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The female of the two domestic ducks at the Boat Lake for the past year also vanished last week and is now presumed dead.  Her mate, (obviously distressed) searched and frantically called for her over a period of several days, but now seems to be attempting to assimilate himself with the mallards and remaining geese at the Boat Lake.
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Life, for animals in nature, does not allow for long times grieving loss. They have to adapt and seek new ways for survival as is evident from the loner goose, Cago, at Harlem Meer during the molt. Cago obviously and recently lost his mate or flock, (probably to a USDA cull) but has had to make do by assimilation with ducks.
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And so, the death toll and injury to Central Park waterfowl continues to rise this spring and summer, despite New York City's most prestigious park not succumbing to an actual USDA goose cull.
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We have now lost Wiggly and Honker, (two of the domestic ducks at Harlem Meer), the female domestic duck from the Boat Lake, a goose at Harlem Meer in the spring ensnared with fishing line and tackle around bill and worst of all, Papa goose.
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And to add further misery to all this, there is a reported Double Breasted Cormorant at the Boat Lake this morning with dangling fishing line hanging from his bill.
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All of this has again been reported to Central Park Conservancy.
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Of course, it is not the Conservancy's fault that some fishermen and dog owners continue to flaunt park rules and treat the wildlife of our parks as if the animals are solely there for harassment and/or the taking.
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But, I have been assured that enforcement patrols will be assigned to the Boat Lake  (where some dogs owners encourage their dogs to charge at the waterfowl in the lake) and that long overdue Fishing Rules signs will finally be posted at this location (as they already are at Harlem Meer.)
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Sadly, it always seems to require actual documented death of wildlife to finally get things done as was the case with the fishing rule sign posting at Harlem Meer last year.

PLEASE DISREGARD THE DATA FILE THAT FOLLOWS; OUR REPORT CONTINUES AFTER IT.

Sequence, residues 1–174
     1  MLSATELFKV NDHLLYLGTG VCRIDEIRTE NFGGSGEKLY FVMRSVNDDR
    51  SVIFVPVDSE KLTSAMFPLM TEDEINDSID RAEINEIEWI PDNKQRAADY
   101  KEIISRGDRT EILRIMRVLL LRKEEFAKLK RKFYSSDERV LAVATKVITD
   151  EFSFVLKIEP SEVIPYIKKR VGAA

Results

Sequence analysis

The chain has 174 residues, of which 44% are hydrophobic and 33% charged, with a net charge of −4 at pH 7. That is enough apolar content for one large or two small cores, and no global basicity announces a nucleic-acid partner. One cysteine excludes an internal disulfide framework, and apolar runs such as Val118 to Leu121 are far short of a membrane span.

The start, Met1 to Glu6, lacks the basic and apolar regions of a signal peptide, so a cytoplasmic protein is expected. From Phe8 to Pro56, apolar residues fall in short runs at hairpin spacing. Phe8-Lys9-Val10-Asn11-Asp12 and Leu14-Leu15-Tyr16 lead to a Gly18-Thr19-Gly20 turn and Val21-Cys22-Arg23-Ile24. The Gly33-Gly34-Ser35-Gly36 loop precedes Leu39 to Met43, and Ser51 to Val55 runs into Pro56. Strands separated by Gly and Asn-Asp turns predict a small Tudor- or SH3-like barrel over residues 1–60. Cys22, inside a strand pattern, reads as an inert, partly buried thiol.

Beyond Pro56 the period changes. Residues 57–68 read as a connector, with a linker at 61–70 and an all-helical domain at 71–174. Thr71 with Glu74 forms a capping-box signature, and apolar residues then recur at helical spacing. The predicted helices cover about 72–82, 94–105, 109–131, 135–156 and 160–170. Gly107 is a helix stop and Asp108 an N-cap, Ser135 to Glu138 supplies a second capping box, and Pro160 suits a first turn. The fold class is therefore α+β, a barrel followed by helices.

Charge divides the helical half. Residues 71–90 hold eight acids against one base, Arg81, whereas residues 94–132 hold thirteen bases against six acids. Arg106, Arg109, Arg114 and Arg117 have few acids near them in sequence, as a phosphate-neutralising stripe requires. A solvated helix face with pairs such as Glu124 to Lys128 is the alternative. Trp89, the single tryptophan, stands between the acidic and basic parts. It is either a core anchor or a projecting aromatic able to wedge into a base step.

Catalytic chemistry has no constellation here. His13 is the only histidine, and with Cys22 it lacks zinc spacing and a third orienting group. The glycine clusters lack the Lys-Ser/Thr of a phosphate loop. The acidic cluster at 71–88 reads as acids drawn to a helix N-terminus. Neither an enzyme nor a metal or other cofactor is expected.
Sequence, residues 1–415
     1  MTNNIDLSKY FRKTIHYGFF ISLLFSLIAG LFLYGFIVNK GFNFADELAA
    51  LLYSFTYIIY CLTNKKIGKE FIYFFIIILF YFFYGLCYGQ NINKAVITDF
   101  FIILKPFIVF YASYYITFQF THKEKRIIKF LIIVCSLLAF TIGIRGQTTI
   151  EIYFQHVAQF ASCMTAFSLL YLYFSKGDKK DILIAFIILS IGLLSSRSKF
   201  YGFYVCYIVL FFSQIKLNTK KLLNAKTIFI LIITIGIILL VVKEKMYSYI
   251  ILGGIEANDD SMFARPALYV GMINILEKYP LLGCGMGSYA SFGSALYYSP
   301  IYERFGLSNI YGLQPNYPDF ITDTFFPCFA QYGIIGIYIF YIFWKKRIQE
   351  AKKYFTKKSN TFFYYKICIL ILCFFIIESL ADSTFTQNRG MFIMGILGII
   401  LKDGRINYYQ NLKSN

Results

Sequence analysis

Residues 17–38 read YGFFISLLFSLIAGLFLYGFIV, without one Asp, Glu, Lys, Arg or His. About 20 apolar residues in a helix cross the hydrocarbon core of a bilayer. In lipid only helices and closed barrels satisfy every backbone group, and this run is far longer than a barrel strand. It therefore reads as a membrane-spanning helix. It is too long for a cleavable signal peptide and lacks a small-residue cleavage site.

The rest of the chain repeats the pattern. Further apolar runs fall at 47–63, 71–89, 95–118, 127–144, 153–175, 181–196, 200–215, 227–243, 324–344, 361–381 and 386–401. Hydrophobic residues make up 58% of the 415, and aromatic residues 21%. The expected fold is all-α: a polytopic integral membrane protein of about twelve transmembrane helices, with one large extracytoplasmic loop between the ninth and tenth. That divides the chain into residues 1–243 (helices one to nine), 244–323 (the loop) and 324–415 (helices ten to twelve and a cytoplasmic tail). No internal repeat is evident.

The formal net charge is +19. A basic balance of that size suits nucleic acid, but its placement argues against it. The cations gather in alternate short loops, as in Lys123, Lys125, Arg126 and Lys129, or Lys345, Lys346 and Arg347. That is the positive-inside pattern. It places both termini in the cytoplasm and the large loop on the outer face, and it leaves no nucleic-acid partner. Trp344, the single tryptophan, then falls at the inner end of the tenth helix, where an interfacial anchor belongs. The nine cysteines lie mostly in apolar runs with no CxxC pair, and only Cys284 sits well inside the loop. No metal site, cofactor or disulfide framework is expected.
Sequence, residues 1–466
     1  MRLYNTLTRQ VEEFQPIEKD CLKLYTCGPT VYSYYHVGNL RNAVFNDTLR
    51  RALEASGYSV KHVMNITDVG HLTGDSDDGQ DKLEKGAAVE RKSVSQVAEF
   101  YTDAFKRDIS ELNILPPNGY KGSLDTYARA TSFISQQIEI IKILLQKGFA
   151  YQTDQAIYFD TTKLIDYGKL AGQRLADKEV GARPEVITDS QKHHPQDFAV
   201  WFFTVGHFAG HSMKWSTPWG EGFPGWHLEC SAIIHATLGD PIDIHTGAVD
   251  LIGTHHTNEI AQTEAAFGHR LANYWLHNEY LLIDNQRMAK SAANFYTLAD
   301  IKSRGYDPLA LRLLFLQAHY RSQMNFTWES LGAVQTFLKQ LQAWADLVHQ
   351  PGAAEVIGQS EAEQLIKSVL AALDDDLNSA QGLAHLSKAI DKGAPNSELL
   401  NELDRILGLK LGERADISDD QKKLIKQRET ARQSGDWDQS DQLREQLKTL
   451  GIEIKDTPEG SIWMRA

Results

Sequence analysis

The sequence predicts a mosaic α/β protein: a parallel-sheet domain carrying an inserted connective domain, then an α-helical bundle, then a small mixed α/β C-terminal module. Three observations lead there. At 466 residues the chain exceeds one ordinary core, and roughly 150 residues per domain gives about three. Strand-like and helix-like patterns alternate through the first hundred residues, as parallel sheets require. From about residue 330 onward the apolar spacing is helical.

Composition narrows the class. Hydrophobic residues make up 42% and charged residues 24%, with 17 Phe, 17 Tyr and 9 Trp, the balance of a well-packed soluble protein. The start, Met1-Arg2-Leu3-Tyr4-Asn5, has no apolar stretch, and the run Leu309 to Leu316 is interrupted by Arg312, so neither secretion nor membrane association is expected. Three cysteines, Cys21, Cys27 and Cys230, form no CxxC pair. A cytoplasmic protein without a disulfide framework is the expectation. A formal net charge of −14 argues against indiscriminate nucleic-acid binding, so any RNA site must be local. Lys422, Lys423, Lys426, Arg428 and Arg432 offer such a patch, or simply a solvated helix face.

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While a Park Ranger has  been assigned to the Boat Lake to search and try to save the Cormorant, reality is that these birds are particularly difficult to capture.
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Prevention is the key to saving wildlife in our parks, because, as noted, by the time the animals are weak enough to be captured, they are usually too ill or injured to be saved -- as tragically was the case with Papa.
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The temperatures continue to rise in New York City with little relief in sight.
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And though wildlife may be stressed and discomforted with extremes in weather, the real threats come to the animals in our parks, not from nature, but walking predators on two legs.
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This truly is the "summer of hell" in New York City -- even in a park, that otherwise, has the gumption  to stand up to deliberate and brutal government sponsored wildlife massacres. 
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Bring us back the peace and tranquility of bitter winter cold and winds -- the time when the two-legged predators finally leave and the birds and other wildlife of our parks need only worry about dealing with the elements.
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Elements nature well equips them to handle. -- PCA 
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3 comments:

Anonymous said...

Oh, how sad I am to read this.... RIP, Papa. Thank goodness for the kind people who tried to help you, and for those like Patty and Liliana who had your back always.

Mary Castrovilla said...

Oh, Patty and Lillian,
So very sorry to hear about Papa...F***king dog bite...WHAT is wrong with PEOPLE!!

rebecca said...

Tears for Papa and all the tragedies in NY, but it seems that geese aren't safe anywhere now. Almost every day I read of some mass slaughter by the USDA on these innocent geese. I just don't know why there are so many ruthless people using their power to wipe out our precious geese. They are the most noble creatures I have ever had the honor to be around and get to know. My heart is breaking. I am working hard along with other wildlife advocates here in Gaston County NC to stop the park officials ane the USDA responsible for gassing 144 of our precious geese at Dallas park on June 25 from ever being able to do this again.